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How Much Damage Can Chargebacks Really Do To Business?


When it come stop running a business it is vitally important that you not only seek to drive for sales, profits and ultimately growth, but also that you are giving real focus to the things that are costing your business. Businesses live and die based on their bottom line and if you want yours to look good then there is equal importance to be placed on reducing the costs of your business as there is in increasing revenue.

One such area that costs many businesses a great deal of money that often goes ignored is that of chargebacks, considered wrongly by many as ‘the cost of doing business,’ these chargebacks can in fact to a great deal of damage to business and can, with a smart approach, actually be a fixable problem. Let’s take a look then at what chargebacks are, how they hurt the business and what you can do about them.

What Are Chargebacks?

At the basic level, chargebacks are transactions which are disputed by credit card providers, customers and buyers. More often than not these are done fraudulently and the merchant provider who receives the customers claim, will give the customer their money back. The reason this hurts businesses is because of the fraudulent nature of the claim, the customer gets their money back, despite having received their product and you, the business, get hit with the fees. Chargebacks are intended to protect comers from unauthorized transactions and whilst this can help many, the unscrupulous of this World take advantage of the process.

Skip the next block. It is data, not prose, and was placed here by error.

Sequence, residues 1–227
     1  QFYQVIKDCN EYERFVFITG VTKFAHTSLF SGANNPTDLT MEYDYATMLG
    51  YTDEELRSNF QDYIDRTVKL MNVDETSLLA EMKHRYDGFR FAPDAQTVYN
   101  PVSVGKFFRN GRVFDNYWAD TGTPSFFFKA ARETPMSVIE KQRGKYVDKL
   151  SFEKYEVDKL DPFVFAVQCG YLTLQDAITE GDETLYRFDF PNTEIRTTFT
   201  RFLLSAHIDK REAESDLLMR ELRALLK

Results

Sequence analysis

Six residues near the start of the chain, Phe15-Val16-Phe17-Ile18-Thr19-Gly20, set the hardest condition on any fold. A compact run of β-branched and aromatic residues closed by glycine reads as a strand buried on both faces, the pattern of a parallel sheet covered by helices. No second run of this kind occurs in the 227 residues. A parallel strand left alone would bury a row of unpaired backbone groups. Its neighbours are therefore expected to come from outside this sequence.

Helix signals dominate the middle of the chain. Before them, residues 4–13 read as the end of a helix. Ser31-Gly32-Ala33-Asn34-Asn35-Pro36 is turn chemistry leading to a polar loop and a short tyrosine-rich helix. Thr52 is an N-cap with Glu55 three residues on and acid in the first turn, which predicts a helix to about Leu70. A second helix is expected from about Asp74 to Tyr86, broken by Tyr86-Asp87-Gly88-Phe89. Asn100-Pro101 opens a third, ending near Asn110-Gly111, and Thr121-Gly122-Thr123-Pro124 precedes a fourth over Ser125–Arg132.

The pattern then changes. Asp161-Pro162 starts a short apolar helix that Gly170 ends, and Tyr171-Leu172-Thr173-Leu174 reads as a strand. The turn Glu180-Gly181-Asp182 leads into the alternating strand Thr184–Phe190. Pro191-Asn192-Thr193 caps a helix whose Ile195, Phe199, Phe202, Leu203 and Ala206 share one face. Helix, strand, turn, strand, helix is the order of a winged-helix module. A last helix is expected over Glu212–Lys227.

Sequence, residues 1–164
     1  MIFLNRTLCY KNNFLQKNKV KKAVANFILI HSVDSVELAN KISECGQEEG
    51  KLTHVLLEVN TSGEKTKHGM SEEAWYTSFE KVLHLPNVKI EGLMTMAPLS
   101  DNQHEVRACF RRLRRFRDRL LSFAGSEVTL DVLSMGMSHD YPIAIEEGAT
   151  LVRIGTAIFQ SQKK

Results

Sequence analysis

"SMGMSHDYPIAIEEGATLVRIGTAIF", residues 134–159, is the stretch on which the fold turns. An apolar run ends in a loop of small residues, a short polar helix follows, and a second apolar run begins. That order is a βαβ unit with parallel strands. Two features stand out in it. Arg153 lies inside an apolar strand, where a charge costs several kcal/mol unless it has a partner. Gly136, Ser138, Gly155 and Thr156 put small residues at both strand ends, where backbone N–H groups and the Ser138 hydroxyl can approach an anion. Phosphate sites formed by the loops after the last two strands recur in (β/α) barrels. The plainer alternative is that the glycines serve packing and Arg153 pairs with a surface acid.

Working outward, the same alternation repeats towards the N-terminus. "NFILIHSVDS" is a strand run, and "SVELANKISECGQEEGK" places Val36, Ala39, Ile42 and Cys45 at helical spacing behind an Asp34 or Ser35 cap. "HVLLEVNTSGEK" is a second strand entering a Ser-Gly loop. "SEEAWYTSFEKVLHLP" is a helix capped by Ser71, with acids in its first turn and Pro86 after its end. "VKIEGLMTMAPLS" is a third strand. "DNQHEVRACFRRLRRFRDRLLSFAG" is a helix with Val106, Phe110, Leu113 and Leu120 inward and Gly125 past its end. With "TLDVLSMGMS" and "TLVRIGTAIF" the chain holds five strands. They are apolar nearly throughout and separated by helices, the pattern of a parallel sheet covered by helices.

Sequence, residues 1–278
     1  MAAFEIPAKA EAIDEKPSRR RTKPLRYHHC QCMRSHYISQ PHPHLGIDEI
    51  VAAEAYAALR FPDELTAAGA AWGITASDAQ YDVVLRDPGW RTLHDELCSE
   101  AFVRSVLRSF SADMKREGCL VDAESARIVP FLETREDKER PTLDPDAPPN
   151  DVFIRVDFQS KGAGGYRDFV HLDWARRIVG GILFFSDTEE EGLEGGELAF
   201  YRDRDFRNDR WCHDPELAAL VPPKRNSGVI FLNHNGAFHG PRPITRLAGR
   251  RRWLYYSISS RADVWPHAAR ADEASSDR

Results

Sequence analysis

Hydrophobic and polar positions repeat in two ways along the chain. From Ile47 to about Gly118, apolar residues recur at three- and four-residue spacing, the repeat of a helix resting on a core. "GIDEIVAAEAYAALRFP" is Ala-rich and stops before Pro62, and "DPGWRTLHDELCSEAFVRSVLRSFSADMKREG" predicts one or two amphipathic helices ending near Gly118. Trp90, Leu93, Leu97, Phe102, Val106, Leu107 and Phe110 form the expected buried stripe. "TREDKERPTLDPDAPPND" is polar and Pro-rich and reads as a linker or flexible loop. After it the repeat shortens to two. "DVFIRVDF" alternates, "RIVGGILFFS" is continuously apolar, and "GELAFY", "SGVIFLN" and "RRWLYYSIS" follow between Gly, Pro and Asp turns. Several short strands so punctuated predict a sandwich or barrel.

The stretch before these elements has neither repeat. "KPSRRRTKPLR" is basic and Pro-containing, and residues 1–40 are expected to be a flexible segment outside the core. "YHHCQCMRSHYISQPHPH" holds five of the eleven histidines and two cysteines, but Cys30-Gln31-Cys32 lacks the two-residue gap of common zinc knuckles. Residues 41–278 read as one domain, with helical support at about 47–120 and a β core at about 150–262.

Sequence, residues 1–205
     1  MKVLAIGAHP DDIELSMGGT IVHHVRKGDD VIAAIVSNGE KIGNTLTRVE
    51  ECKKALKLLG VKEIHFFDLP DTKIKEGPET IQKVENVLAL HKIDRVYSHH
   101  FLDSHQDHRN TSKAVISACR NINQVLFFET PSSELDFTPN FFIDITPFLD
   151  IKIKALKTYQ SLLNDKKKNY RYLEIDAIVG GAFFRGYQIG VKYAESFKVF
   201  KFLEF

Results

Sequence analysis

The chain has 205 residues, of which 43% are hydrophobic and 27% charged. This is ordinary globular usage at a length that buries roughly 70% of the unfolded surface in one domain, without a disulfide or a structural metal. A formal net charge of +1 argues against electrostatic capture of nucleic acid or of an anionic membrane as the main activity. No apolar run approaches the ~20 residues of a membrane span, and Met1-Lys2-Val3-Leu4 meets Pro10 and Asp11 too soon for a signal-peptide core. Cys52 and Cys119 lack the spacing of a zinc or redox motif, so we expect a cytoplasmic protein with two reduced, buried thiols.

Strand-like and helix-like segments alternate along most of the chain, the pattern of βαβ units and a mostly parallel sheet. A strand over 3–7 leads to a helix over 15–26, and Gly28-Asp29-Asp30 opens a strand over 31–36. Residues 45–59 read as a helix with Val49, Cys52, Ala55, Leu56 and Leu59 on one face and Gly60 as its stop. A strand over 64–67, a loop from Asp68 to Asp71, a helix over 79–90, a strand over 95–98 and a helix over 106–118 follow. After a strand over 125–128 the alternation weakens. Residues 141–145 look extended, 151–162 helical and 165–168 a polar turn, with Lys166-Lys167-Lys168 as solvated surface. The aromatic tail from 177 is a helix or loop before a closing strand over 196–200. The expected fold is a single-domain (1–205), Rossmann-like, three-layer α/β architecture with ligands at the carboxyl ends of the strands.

How Does This Damage Business?

Chargebacks can damage businesses in many ways and experts have suggested that there is a cost of $308 attached to every $100 worth of chargebacks. This figure is made up collectively of many factors of the chargeback process which are as follows:

– Direct cost of the lost sale and the profit that goes with it

– Cost of shipping outbound and potentially inbound depending on return conditions

– Packaging materials and handling

– Processing time of handling and writing off stock

– Lost goods which cannot be resold

– Manufacturing costs of goods

– Training time to teach the process of chargeback management

– Potential suspension of trading after repeated chargebacks

– Time spent negotiating with banks and merchants

Who is at Risk?

Digital services are far more at risk than brick and mortar businesses, especially if they are selling software or online solutions. The reason why these companies are more at risk is that there is less ability to prove that a particular product or service was ever received. In truth, chargebacks represent a danger for most product-selling businesses and even more so if those businesses are selling low-value goods. Physical goods may be easier to trace but that does not make the chargeback process any less troublesome for businesses.

How Can You Fix The Problem?

Despite the problem that chargebacks present there are ways in which you can prevent chargebacks from occurring in the first place or claim back chargebacks that were incorrect. Regarding prevention the best course of action is to have a logging and receipt system that is of a very high level and which cannot be contested. If you are selling high value goods then you should send products via recorded delivery that require a signature from the receiver. The final preventative method which you should look to be installing is that you are doing business under the actual name of your company, when customers see payments that are made to subsidiary company, this is often one of the things which they will take advantage of. Protect yourself as best you can and if you see a chargeback then contest it right away.